A non-governmental organization (NGO) is an organization which is not a part of a government. Although the definition can technically include for-profit corporations, the term is generally restricted to social and cultural groups, whose primary goal is not commercial.
Some people consider the "NGO" label misleading, as it implies that anything that is "not government" is NGO. Since NGOs are usually non-profit organizations that gain at least a portion of their funding from private sources, many NGOs now prefer the term Private voluntary organization (PVO).
The "NGO" phrase came into use with the establishment of the United Nations in 1945 with provisions in Article 71 of Chapter 10 of the United Nations Charter  for a consultative role for organizations that are not governments or member states – see Consultative Status. The vital role of NGOs and other "major groups" in sustainable development was recognized in Chapter 27 of Agenda 21, leading to revised arrangements for Consultative relationship between the United Nations and non-governmental organizations.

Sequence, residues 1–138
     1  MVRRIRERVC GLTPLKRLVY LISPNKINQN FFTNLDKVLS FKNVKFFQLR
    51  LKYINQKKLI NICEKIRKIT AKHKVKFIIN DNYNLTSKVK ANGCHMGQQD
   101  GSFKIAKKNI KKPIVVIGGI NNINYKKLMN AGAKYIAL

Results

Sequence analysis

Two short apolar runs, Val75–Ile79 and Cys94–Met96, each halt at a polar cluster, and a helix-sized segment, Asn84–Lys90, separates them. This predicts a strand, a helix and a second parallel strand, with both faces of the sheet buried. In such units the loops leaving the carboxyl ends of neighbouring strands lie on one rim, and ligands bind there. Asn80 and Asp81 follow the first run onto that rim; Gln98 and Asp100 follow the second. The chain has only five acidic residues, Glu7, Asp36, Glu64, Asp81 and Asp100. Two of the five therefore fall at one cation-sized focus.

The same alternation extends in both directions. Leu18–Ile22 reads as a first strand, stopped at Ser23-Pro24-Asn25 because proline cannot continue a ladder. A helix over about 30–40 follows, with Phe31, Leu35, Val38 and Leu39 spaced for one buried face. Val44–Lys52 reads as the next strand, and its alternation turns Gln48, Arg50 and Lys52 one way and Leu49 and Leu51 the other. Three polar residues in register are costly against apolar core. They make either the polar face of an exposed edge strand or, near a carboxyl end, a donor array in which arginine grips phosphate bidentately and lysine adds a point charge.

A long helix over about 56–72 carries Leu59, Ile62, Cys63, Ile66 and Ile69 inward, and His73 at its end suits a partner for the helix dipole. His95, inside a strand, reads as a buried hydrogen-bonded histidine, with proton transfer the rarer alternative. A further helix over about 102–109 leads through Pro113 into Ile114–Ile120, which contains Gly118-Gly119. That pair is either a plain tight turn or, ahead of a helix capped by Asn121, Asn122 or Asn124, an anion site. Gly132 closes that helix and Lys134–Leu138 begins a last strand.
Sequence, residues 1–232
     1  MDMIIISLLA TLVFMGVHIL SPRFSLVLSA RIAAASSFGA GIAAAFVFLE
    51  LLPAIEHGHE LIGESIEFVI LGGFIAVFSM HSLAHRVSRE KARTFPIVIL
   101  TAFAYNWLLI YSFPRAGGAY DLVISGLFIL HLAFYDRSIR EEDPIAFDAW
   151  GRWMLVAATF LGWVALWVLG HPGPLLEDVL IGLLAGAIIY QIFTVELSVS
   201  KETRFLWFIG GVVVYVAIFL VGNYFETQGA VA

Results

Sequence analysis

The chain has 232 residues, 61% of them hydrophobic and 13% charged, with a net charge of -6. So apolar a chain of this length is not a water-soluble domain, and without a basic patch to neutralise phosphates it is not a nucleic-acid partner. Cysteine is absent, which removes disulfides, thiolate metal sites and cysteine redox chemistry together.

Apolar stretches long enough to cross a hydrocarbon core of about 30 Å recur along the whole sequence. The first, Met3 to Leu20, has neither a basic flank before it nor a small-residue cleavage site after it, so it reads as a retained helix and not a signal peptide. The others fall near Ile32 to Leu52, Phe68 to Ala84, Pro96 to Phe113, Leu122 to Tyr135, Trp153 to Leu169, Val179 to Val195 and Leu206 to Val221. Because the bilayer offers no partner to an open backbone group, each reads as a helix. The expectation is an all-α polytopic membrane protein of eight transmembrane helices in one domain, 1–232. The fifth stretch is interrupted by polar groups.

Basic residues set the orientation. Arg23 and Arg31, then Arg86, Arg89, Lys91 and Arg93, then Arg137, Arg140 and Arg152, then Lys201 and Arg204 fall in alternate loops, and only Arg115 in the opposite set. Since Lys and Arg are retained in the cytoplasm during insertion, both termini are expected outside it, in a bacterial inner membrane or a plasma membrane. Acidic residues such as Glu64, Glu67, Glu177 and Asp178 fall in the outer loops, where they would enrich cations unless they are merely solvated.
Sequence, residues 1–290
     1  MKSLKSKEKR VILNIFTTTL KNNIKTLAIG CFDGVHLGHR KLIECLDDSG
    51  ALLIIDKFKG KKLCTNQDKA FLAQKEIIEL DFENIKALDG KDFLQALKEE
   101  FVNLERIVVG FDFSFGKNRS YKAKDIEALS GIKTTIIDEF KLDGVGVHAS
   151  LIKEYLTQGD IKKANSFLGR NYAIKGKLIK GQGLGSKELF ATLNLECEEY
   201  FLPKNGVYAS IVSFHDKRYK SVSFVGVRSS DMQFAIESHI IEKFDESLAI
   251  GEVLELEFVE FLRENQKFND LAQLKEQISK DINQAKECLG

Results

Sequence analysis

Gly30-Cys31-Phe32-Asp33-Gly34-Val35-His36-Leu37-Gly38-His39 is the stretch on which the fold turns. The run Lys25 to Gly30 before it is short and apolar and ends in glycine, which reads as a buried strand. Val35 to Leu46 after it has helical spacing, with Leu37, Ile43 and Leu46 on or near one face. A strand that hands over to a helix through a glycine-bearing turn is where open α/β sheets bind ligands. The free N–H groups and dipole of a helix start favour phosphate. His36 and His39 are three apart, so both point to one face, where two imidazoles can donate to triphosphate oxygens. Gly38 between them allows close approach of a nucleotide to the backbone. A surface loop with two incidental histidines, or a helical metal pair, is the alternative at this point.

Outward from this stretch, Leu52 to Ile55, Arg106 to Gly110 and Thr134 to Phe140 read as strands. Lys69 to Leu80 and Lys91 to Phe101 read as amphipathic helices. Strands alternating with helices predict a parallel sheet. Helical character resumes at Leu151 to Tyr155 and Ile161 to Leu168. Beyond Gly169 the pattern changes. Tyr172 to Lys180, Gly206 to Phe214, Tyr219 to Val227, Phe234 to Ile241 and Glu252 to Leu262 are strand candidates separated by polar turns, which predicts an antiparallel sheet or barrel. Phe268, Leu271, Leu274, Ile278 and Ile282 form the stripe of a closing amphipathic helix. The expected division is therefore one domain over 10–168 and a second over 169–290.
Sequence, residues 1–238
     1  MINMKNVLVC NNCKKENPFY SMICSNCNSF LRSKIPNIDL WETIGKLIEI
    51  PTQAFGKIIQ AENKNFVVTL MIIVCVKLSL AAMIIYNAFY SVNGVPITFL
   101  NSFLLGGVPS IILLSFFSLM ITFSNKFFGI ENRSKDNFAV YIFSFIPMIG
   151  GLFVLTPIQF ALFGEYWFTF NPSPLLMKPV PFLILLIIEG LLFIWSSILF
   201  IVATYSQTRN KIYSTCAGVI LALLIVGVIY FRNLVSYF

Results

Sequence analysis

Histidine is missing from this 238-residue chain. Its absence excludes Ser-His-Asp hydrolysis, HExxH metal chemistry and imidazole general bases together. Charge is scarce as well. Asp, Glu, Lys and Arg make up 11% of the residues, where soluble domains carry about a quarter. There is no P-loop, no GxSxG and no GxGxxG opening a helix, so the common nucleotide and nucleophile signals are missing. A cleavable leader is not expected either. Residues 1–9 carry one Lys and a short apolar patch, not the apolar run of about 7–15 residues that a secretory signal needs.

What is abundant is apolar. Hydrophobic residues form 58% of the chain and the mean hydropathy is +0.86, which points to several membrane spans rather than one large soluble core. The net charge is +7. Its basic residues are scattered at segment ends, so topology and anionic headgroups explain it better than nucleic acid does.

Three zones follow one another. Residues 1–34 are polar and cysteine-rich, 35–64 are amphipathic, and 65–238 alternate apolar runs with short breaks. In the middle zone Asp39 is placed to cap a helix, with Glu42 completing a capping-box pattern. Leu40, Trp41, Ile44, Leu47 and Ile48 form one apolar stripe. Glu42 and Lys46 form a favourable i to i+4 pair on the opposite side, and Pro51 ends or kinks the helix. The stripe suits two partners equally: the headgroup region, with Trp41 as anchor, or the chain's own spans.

NGOs exist for a variety of different purposes, usually to further the political and/or social goals of their members. Some example goals include improving the state of the natural environment, encouraging the observance of human rights, improving the welfare of the disadvantaged, or representing a corporate agenda. However, there are a huge number of such organizations and their goals cover a broad range of political and philosophical positions. This can also easily be applied to private/semi-private schools and athletic organizations.
NGOs also vary in their methods. Some act primarily as lobbyists, while others primarily conduct programs and activities. (For instance, an NGO such as Oxfam concerned with poverty alleviation might provide needy people with the equipment and skills they need to find food and clean drinking water)
The relationship among businesses, governments, and NGOs can be quite complex and sometimes antagonistic, particularly when NGOs act to oppose the activities of governments and businesses.
List of NGOs
- Campaign / Issue Organizations
- Capacity Building Support Organisations
- Domestic Charitable Organizations
- Trade Associations and Industry funded interest groups
- Treaty Organizations (Independent organizations that act very much like NGOs, but are established and mandated by international treaties)
Last updated: 09-12-2005 02:39:13